reserve on their tightening cycle, but i think it would start to play havoc in the likes of china and its devaluation of yuan, but the fact that it has been 30 years in place means it would be a big surprise. as far as i can see saudi arabia has really committed to doing what they're doing for the time being with no real intention to look at that particular scenario or possibility. scarlet: thank you so much for joining us. soon bell china's yuan the reserve currency? we will talk about the impact of the stronger dollar. it might not be what you think. that is next. ♪
it is time for the bloomberg's and's flash. j.p. morgan will pay $48 billion to settle accusations that it mishandled foreclosures. j.p. morgan was one of several banks accused of robo signing or fraudulently endorsing closures. the bank also failed to live up to an earlier settlement. twitter building a new feature that allows messages that exceed the traditional limit. with thefamiliar situation says the company could be looking at a 10,000 character limit, equal to a 20 minute feed. this could launch at the end of the first quarter. japan's nikkei review says apple will cut production by 30% in the first quarter. it gotdid not say where the information. production of the iphone 6 and
success is expected to return to normal levels. shares of the most viable company fell today on this report. that is your bloomberg business flash. alix: the dollar will rally and and euro.e yuan what's up with that? we've seen a huge acceleration in the yuan. >> my argument is that it will help increase their role. there are two elements in the dollars rally, cyclical and structural. there's a huge shift in the north american energy balance. we are producing more oil, importing less. our trade deficits have shrunk relative to our growth rate. the dollar is the
world's leading currency, 80% of trade finance, 60% across border lending. this creates a problem in terms of reduced international liquidity. what this suggests is that this creates problems and places with that and dollars. in dollars. it creates an alternative source of liquid e -- liquidity. it opens up the possibility for euro to function in that role. it is also more likely to happen by different channels. 's case, freely convertible, enormous to mystic
bond markets in the public and private sectors, and the world's largest banking system. this creates opportunities for euro-denominated issuance. is -- this iss where the geopolitics come in. there are places where it might make sense to talk about a petro there areuse countries that are closely linked to the european cycle. they are big oil exporters. is happening is the eurozone is the world's largest oil importer. joe: are we talking about russia? >> exactly. that is where the geopolitics come in. our call is that what we will see is an easing in eu sanctions relative to u.s. sanctions in the second quarter of this year. that potentially creates an opportunity for russian corporations to replace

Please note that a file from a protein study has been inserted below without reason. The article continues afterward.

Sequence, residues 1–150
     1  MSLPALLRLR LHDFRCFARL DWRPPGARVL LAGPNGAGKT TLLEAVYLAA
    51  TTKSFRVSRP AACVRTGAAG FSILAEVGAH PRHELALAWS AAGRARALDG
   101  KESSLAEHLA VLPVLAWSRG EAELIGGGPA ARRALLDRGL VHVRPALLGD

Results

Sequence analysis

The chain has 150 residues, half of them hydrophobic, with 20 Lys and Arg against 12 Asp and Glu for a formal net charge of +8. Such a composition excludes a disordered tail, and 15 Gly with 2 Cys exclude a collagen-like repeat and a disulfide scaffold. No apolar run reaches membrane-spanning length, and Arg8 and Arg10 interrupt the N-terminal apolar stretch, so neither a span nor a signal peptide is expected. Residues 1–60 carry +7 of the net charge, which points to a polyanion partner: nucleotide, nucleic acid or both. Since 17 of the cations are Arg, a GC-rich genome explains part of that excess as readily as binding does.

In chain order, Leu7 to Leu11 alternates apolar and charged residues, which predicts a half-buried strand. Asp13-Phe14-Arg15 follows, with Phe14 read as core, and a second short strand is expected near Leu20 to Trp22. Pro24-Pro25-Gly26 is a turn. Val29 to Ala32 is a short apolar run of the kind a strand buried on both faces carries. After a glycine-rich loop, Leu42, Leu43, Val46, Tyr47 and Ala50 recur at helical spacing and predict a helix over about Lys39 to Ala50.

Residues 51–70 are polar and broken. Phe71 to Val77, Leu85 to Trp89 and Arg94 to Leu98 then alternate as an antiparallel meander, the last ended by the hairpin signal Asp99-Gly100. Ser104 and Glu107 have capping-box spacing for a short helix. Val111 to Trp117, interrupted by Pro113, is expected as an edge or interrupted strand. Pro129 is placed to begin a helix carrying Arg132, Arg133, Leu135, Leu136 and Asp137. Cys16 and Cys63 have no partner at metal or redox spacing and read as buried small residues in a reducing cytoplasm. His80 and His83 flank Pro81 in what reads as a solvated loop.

dollar-denominated debt with euro-denominated debt. companies are then able to borrow more in yuan, doesn't that add to china's growing debt? china is off the charts. i think it will not happen the same way as the euro. something muchin closer than the europeans. internationalization will take the foreshadowing of other currencies in the region. , otherepreciates countries are more likely to the currencies
depreciation and order to preserve trade competitiveness, creating an ankle for the role for-- an anchor the currency in asia. internationalization of debt channels will take much longer. alix: you are sticking with this. scarlet: what kind of global player does china want to become? we discussed beijing's primary goals on the global stage next. ♪
one third of growth in the last seven years, imports and exports or than 10% of global trade, responsible for a quarter of global carbon emissions. of global director strategy at the eurasia group with us. what will china choose to do with the influence this year? have a lot ofyou different things. that is one of the issues here. is a structural transformation in the economy that needs to take place, which means slower growth. there is a third issue, which is the idea they have taken seriously, of being a responsible international stakeholder, particularly when
it comes to macroeconomic issues. i think one of these things is going to be somewhat harder to do, and this leaves us with the potential for the renminbi depreciation. that is one of the ways they have an outsized impact on the range ofrge competitors, spills over into potentially global monetary settings, because you have -- , if it does depreciate, 5-8 percent, what does that mean for policy settings. does that mean the fed is more imci focus. joe: we don't think of china playing a role in trying to contain isis. we are missing the areas where china is active geopolitically because they are not on our
radar? , they aremiddle east likely to be less present. the initiatives they have rolled regional the lament banks, this is where the confluence of china andbetween those who benefit, so perhaps in the more economic arena than in the strategic arena, particularly in the middle east, which seems fairly crowded already. trying to help the development of the asian infrastructure bank, china development bank -- the customers of these bank, the rise of soft power, the rise of china's influence in regions demandrica, doesn't that
more of china's participation in terms of what is happening geopolitically? -- the middle east is a trouble spot because you have this issue of eight u.s. that is more energy independent, but the primary geopolitical guarantor of stability in the region. while china and india will be bigger oil buyers. this is part of -- alix: thank you for joining us. coming up, what you need to know to gear up for tomorrow's trading day, next. ♪
scarlet: i am scarlet fu. "what'd you miss?" at 2:00 p.m., lingering questions at the meeting where the fed raised rates. how much confusion was their among to officials? what is the likely timing of the next fed rate hike? gradual isaning of important. whatrrow, s willnt santos say -- what monsanto say?